PPD/PPA. “Baby blues” are to be expected. Postpartum Depression and Postpartum Anxiety are another level of sadness and agitation. They are more common than we often think. Many women go undiagnosed and only realized years later that their suffering could have been helped. Know the signs of PPD and PPA.

Doubt. Every single parent has a moment or week when he or she thinks, “Did we make a huge mistake?” Don’t feel guilty or lesser for that. It is an entirely normal and natural thought. The feeling will pass. You will adjust. Life will even out. Remember, your entire life just changed over night. You, your partner, your perspectives, your goals, your aspirations, and your worldviews will be affected by this shift. It is the most beautiful and wonderful adjustment that will ever touch your life. Know it will get easier… this is good change.

Patience. Parenthood requires a level of patience you never thought you had. Patience through the good stages and bad stages, the disgusting phases and tiring phases. Patience with yourself and your partner  Patience with physical recovery and return to flexibility. Patience with a return to intimacy and mastering the learning curve. You’ll get there. It’ll get easier. You can truly enjoy it, if you actively choose to do so. Just be patient.

Bond. Skin-to-skin isn’t just for mom and baby. It has remarkable calming and bonding effects on fathers and offspring too. After baby is fed and changed, shoo mom off to take a nice, warm shower while you and baby rest shirtless, tummy-to-tummy on the sofa. You’ll soon find out why moms love sleeping baby cuddles… the hormones’ blood pressure lowering, calming effect is euphoric. Enjoy!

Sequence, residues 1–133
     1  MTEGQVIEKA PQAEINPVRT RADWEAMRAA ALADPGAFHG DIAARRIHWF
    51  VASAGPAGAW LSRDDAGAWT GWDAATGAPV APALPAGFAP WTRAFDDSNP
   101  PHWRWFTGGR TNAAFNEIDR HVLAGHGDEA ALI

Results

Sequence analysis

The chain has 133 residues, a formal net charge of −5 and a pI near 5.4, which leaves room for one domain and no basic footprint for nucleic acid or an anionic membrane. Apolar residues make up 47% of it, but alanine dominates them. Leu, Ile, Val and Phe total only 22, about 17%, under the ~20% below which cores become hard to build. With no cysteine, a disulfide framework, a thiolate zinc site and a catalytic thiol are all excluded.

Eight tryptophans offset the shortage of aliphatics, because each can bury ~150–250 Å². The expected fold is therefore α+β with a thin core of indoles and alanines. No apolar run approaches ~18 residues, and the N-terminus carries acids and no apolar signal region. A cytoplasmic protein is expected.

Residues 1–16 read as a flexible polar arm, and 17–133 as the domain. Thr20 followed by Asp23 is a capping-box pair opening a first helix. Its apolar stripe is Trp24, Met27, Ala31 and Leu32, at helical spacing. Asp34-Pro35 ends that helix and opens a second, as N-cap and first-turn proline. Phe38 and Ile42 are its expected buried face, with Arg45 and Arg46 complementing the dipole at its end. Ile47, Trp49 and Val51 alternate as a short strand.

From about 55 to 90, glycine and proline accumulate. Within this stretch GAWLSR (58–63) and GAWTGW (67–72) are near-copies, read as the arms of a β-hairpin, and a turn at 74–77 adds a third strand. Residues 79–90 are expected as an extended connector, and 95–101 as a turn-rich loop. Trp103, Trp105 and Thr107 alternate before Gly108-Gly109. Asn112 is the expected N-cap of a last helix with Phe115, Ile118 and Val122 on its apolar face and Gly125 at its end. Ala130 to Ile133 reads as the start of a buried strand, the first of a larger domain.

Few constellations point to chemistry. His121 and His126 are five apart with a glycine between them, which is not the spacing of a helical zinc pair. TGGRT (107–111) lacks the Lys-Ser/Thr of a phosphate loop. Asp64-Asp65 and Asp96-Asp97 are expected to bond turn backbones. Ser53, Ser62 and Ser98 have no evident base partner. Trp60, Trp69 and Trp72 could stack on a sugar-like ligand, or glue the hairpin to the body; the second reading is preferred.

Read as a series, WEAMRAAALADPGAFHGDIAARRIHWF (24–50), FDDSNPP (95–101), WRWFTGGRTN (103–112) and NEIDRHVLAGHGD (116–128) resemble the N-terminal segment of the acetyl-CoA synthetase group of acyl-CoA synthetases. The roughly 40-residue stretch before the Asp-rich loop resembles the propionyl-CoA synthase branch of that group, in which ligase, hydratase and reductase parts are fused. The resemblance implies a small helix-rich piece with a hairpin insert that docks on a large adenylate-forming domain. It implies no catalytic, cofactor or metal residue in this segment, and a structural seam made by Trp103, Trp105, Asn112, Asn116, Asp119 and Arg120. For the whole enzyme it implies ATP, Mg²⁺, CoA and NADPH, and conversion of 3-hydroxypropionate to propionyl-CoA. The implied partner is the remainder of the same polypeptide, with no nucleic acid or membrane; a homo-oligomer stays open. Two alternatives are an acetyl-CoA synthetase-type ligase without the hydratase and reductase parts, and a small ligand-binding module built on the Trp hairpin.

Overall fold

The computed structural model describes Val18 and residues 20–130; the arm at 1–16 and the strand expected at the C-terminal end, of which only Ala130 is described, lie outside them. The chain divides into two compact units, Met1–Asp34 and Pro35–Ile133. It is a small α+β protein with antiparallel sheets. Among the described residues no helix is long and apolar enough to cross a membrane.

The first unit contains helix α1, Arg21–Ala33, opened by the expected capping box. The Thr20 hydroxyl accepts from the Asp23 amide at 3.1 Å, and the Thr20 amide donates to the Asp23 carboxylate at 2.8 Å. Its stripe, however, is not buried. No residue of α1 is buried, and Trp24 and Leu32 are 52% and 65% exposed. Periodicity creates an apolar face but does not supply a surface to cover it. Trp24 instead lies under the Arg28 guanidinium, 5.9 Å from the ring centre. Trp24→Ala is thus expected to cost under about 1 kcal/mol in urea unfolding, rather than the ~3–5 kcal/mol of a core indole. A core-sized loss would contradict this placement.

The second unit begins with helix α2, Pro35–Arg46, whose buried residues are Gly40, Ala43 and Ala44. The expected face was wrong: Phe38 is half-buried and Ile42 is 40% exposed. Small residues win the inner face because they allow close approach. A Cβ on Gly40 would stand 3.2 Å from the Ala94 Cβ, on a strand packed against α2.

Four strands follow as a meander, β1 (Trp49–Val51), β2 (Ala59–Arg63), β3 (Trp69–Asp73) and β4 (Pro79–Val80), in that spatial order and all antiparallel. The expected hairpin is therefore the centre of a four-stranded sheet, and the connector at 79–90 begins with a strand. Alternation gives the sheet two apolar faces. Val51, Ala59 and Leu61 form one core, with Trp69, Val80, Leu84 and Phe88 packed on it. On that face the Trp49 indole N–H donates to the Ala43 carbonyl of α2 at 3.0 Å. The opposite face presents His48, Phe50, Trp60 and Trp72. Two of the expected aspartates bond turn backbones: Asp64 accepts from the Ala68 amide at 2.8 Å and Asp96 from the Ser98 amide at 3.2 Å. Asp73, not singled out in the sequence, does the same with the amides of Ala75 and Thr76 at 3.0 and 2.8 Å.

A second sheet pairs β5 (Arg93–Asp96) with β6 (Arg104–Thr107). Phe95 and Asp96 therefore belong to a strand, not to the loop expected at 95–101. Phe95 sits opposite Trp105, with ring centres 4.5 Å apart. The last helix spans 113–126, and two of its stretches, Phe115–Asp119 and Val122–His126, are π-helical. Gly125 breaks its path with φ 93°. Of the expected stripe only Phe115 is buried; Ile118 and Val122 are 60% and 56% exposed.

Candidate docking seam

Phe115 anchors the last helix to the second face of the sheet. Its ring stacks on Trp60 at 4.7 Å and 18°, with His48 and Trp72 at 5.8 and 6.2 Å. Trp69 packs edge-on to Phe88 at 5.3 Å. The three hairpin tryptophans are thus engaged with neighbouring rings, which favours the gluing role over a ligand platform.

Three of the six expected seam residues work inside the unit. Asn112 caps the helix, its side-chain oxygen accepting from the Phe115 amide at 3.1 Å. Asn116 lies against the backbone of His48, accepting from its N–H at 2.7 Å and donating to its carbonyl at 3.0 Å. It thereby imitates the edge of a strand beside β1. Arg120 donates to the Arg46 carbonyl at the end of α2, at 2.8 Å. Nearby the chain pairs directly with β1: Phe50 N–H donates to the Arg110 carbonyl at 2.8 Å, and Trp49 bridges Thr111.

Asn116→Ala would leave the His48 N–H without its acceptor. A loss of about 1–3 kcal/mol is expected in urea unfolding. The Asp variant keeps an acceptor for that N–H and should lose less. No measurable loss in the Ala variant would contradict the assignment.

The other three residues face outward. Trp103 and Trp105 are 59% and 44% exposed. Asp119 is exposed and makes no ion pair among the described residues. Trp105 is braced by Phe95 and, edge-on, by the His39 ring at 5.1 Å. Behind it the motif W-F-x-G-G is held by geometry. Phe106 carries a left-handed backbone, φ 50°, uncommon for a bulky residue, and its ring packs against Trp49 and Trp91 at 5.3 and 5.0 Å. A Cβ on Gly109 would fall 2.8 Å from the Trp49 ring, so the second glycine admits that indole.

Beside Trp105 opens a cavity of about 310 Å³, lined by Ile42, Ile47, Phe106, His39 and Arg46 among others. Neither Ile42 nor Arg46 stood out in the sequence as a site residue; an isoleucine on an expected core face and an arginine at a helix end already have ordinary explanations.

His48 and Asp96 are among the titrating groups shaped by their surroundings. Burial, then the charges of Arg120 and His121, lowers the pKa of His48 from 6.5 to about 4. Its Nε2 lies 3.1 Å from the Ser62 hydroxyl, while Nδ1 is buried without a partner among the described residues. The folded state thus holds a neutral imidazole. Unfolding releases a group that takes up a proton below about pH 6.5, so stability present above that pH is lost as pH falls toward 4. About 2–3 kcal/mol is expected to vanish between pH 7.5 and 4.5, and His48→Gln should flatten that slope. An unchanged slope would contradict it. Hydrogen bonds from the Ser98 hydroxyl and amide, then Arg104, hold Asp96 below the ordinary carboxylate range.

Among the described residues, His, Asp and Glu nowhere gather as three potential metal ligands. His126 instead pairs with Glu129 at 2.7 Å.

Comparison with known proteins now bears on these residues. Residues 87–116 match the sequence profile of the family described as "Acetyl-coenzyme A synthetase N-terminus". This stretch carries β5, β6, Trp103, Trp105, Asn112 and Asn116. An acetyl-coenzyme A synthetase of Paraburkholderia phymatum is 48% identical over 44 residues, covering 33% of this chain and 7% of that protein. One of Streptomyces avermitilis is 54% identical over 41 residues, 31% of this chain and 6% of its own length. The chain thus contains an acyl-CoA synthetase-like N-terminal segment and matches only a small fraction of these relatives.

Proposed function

Savor. Some stages seem to last eons. Some phases seem like they’ll never end, but they do. They all do. Take the good with the not-so-good, and cherish it. This is a fleeting time. Take pictures, take time, take a break from the grind and experience this new life of yours. Children are only small but for a moment. Don’t let their babyhood flit by without notice.

Laugh. If you want to retain some semblance of sanity and composure, learn to laugh at yourself. There’s no need to take it all so seriously. Your kid will neither be the first nor last (that day) to meltdown in Target. Your inside-out shirt with a spit-up streak down the back, which you wore half of the day without noticing, deserves nothing short of a belly laugh. You can choose how you respond to life’s blips — yell, scream, stomp, cry, blame, or laugh — laughing is the funnest. Don’t be that guy who flips out because there’s a shin-level snot streak on his jeans. Just laugh.

Love. You are going to experience a level of love you never knew possible. A deep, unconditional, fear-inducing, beautiful adoration that will carve its way through you and your life and reshape everything perfectly. The adjustment may be scary and challenging at first but it will be more worthwhile than anything else in your life.

Parenthood is brutal and exhausting, enlightening and unpredictable, stressful and blissful. It is a partnership between parent and child as well as between significant others. It requires internal and external support, great personal fortitude, vast patience, and an open mind.

You are about to see the world in a whole new light. Fresh breath will be infused into the everyday. The mundane will become miraculous and the unusual simply extraordinary. Survive it and savor it for it goes all too quickly.

You can do this. Congratulations!